licence. It is not from the industrious orders of the people of England that I expect serious enmity or abuse; for I am convinced, that no honest Englishman, who knows my political character, can be my enemy; conscious that I have ever been the friend of the liberties and the happiness of the British people. It is from hired ruffians only, that I expect insult and abuse, and to such only I impute that species of hostility that has been shewn towards me in the course of this Election, and particularly on the last (lay I had the honour to address you, I should be glad to know what is become of the broad-faced gentleman, who, upon that occasion, was so zealous against me. I should be glad to speak to my broad-faced friend again : I hope, he will now condescend to hear me, and that, instead of being my enemy, he is converted to my support.” No, no, no!

your

enemy; what dett.

from the broad-faced orator]. “I am sorry for it. I thought the gentleman might have come to his senses : but I will allow hiin a day or two more to cool himself; and I doubt not, he will then come forward, and make me an apology for his error. Gentlemen, notwithstanding any short-lived triumph my antagonist may boast in the trivial majority he now enjoys, I rest satisfied in the fullest confidence of success; nor am I to be deterred from the pursuit of it, until finally victorious. When I was coming to the Hustings this day, I was told by my friends it was at the risk of my life, from the turbulence of the mob. But, instead of staying back, I came here on that very account. I was told that, for my safety, I must come by this door or that : but I preferred to come round Covent-Garden, and through the midst of you.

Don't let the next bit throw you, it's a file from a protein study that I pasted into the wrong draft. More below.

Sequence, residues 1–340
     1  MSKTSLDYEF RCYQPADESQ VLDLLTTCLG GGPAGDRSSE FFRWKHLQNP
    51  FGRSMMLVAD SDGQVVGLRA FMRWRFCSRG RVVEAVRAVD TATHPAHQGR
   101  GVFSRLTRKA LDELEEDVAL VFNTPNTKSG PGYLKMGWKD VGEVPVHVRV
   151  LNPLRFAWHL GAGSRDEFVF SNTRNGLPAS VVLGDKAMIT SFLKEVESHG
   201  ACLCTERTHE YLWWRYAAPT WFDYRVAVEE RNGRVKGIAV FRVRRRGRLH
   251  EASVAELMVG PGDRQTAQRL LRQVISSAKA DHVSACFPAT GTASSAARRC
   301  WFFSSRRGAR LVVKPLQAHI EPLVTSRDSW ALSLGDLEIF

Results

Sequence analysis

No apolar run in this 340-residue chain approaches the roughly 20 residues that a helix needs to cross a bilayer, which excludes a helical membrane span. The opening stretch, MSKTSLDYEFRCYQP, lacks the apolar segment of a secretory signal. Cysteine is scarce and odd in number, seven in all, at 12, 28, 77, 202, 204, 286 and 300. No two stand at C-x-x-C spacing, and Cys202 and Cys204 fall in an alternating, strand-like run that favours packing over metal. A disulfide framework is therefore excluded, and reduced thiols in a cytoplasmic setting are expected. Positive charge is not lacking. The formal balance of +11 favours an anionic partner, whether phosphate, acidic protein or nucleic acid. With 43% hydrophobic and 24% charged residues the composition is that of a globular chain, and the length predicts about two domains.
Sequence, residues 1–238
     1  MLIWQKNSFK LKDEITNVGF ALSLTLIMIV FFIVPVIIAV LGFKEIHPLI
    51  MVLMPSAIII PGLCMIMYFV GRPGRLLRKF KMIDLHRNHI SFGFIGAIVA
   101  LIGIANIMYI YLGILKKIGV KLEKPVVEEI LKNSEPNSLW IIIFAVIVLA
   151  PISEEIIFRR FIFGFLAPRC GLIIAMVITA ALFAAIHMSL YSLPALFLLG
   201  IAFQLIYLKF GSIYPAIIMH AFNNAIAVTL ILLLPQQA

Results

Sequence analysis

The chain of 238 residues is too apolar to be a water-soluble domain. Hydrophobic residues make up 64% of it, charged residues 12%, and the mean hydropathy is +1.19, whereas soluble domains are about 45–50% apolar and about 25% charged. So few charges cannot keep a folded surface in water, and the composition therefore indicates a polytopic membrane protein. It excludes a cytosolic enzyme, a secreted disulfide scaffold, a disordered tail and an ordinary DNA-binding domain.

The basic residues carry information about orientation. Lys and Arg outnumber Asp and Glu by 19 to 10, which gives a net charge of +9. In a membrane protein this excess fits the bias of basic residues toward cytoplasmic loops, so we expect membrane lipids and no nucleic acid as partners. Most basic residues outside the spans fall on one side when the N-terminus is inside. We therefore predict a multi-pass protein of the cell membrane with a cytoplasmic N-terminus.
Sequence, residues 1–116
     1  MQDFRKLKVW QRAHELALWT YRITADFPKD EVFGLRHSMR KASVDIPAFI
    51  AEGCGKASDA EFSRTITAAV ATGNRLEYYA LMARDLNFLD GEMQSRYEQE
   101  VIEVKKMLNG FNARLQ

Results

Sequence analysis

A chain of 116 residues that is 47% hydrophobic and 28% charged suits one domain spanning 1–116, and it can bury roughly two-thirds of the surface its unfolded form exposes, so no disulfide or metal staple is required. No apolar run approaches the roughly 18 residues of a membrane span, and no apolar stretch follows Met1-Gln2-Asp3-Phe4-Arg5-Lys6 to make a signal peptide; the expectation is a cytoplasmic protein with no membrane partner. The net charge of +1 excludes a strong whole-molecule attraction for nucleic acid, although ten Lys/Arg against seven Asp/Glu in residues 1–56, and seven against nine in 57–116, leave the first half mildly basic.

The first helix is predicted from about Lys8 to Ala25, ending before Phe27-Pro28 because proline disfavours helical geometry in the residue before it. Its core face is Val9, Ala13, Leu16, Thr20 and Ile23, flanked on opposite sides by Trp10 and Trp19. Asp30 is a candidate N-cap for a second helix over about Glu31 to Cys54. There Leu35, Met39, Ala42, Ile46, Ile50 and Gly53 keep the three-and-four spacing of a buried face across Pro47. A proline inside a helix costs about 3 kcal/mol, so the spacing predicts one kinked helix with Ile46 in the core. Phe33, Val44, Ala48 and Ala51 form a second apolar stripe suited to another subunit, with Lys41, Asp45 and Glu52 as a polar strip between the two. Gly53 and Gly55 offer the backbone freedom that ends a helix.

I am here a Candidate for the cause of you all. My opponent tells you what he will do: I tell you what I have done. I put facts in opposition to his pledges. I urge the whole progress of my political life against his promises, and I challenge the whole body of the Jower classes of the people of England, to point out a single instance in which I have not acted as their friend. I shall conclude by saying, that I thank

my friends and scorn my enemies." Captain Hoop, in the absence of sir Samuel, begged leave to return thauks to the Independent Electors in his name for their further exertions in his favour on that day.

Mr. PAULL came forward, and said, “Gentlemen, I now, for the seventh time, appear before you, and I do so with more pleasure than before. It was last Saturday night, "that the member for Coventry, that hunter for places (Mr. P. Moore) appeared here, and pledged his honour, that I would not be heard any more upon these Hustings. You see me here, however, for the seventh time, notwithstanding the avowed coalition of two Court Candidates, notwithstanding all the interest they could muster, from Carleton house even down to the cook at Somerset house. The number polled this day in my favour, exceeds that of any of the others, notwithstanding that their votes have been purchased with gold from the Treasury, with threats and intimidation. Gentlemen, the Member for Coventry, that place-hunter, when talking of the Treasurer of the Navy, said, that I would not poll one to his five, this day; but that I would be off to Brentford, to support my hon, friend sir F. Bur5